Updated on August 28, 2014
The Blue Ocean Blog is now The Safina Center Blog
Today U.S. fisheries are doing quite well, thanks to the U.S. fishery law, known as the Magnuson-Stevens Fishery Conservation and Management Act. The U.S. fishery law was first enacted in 1976 to protect declining U.S. fish species. The law was greatly improved in 1996 and further strengthened in 2006. Under the current law, fishery managers are required to rebuild depleted fish species as quickly as possible and set catch limits to ensure we don’t catch fish faster than they can reproduce (called overfishing).
The U.S. Fisheries Status Report that was released last month reports that we have rebuilt 34 fish populations since 2000. As well, we have reduced the number of fish populations caught at levels faster than they can reproduce from 72 to 28! 1 The law is working and the U.S. has become one of the world’s leaders in fisheries management.
But now all this great progress could be in jeopardy. Once again the U.S. fishery law is up for revision. And this time it remains unclear if Congress will strengthen the law or weaken it.
Two different draft proposals to amend the U.S. fishery law have been put forward. The first proposal by U.S. Representative Doc Hasting [the chairman of the House Natural Resources Committee] could take U.S. fisheries backwards. The revised version calls for more “flexibility” by managers when it comes to rebuilding depleted fish species and setting catch limits. Essentially it would allow for delayed rebuilding of fish species in some instances. And it would allow short-term economic concerns to trump the need to sustain fish populations – the very thing that depleted U.S. fish populations to begin with2. Some fishermen in New England and the Gulf of Mexico are in favor of these changes. These two regions have the most remaining depleted fish species.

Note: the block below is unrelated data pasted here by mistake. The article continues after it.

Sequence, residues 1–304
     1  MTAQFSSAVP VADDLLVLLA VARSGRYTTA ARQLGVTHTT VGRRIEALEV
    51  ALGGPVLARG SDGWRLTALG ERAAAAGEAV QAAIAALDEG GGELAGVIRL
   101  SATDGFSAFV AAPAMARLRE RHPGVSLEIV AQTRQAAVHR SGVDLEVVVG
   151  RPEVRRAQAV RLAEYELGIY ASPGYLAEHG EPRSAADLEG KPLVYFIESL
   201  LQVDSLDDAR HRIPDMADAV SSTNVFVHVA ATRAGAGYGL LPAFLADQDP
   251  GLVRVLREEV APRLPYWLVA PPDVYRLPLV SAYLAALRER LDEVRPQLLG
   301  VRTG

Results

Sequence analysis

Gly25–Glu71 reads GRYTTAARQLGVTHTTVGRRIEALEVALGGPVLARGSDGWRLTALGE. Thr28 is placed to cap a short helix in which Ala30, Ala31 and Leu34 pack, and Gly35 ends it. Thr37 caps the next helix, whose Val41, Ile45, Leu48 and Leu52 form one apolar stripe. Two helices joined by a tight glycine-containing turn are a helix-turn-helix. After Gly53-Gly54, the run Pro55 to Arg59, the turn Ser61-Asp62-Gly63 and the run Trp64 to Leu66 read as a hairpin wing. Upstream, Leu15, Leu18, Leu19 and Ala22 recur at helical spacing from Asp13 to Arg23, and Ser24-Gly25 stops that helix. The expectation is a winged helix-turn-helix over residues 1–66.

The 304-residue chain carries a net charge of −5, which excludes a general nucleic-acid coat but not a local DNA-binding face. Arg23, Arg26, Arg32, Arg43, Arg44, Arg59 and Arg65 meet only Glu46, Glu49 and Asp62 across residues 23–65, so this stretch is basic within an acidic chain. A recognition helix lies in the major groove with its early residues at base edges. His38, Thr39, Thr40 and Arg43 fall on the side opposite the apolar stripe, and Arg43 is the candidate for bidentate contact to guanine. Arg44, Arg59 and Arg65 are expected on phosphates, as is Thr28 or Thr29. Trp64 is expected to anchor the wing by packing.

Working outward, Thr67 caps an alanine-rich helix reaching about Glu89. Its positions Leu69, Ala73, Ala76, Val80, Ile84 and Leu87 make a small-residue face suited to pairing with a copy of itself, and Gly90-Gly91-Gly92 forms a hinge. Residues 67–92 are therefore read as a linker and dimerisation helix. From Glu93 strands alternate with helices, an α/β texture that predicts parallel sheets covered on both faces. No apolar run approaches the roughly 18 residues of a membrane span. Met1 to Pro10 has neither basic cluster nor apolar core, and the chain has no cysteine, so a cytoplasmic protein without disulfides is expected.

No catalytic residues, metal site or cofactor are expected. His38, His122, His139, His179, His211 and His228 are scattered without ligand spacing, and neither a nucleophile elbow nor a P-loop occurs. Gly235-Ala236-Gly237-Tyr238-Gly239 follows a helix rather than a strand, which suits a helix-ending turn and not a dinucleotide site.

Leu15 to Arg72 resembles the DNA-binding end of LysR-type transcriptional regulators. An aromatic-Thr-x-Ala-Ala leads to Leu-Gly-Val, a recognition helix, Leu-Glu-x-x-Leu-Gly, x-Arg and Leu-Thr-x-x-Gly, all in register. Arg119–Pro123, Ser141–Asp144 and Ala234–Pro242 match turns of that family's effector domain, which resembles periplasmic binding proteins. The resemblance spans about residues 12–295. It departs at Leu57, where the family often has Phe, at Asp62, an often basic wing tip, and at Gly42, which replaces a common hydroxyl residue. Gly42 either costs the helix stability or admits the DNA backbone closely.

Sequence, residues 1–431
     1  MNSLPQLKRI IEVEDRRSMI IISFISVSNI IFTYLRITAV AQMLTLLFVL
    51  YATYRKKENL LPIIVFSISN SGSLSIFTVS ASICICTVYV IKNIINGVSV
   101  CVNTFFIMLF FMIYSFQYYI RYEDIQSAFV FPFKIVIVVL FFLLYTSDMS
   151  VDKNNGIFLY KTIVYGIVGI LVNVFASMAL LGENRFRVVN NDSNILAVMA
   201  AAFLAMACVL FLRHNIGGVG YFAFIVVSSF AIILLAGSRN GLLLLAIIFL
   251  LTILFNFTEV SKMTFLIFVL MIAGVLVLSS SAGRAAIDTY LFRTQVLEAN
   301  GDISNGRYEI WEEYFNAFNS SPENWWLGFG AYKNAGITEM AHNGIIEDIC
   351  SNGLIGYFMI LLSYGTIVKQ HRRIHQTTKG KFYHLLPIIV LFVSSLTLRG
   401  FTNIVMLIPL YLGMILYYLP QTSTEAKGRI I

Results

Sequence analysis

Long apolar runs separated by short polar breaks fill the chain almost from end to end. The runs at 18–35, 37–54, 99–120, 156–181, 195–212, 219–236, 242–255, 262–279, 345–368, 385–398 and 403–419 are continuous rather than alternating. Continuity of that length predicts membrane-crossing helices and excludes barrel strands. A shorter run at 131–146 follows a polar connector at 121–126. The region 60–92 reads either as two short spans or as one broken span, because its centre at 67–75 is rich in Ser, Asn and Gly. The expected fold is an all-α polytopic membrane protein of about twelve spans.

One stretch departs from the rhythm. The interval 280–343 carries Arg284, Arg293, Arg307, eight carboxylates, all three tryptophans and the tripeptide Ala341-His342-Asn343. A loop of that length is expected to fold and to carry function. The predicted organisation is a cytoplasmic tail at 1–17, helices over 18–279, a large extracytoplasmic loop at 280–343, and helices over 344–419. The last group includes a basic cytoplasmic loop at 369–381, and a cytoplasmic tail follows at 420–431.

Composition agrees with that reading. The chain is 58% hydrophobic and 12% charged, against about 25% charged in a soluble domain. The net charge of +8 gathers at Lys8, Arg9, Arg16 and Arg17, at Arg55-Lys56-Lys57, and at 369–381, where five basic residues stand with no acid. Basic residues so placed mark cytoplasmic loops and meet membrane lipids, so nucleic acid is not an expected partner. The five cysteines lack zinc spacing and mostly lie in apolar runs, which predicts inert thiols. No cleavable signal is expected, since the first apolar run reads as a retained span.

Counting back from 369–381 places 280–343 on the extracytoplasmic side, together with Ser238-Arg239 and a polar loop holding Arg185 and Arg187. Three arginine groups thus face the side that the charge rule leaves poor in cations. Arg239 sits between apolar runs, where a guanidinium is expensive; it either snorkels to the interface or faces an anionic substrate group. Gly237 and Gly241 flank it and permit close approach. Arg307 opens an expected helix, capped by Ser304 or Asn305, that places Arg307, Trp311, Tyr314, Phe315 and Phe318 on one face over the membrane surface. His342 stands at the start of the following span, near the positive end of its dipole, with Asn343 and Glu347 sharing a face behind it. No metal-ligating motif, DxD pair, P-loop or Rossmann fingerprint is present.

Fishermen on the West Coast, however, believe the current U.S. fishery law is working and are more in favor of the recent draft fishery law put forward by U.S. Senator Mark Begich of Alaska. His proposal would leave the current fishery law largely intact, but would add goals to manage the overall health of ocean ecosystems, like leaving enough small fish to feed the big fish. It also calls for the avoidance of bycatch. 3
Hopefully Congress will focus on building on the second proposal and on improving, not weakening, the U.S. fishery law. We need to manage our fisheries using a holistic ecosystem approach that considers interactions among species, fishing effects on non-target wildlife, the destruction of ocean habitat, and threats from climate change. U.S. fisheries have made great progress as a result of the U.S. fishery law but there is still more work to do!
Elizabeth Brown is a research scientist at The Safina Center.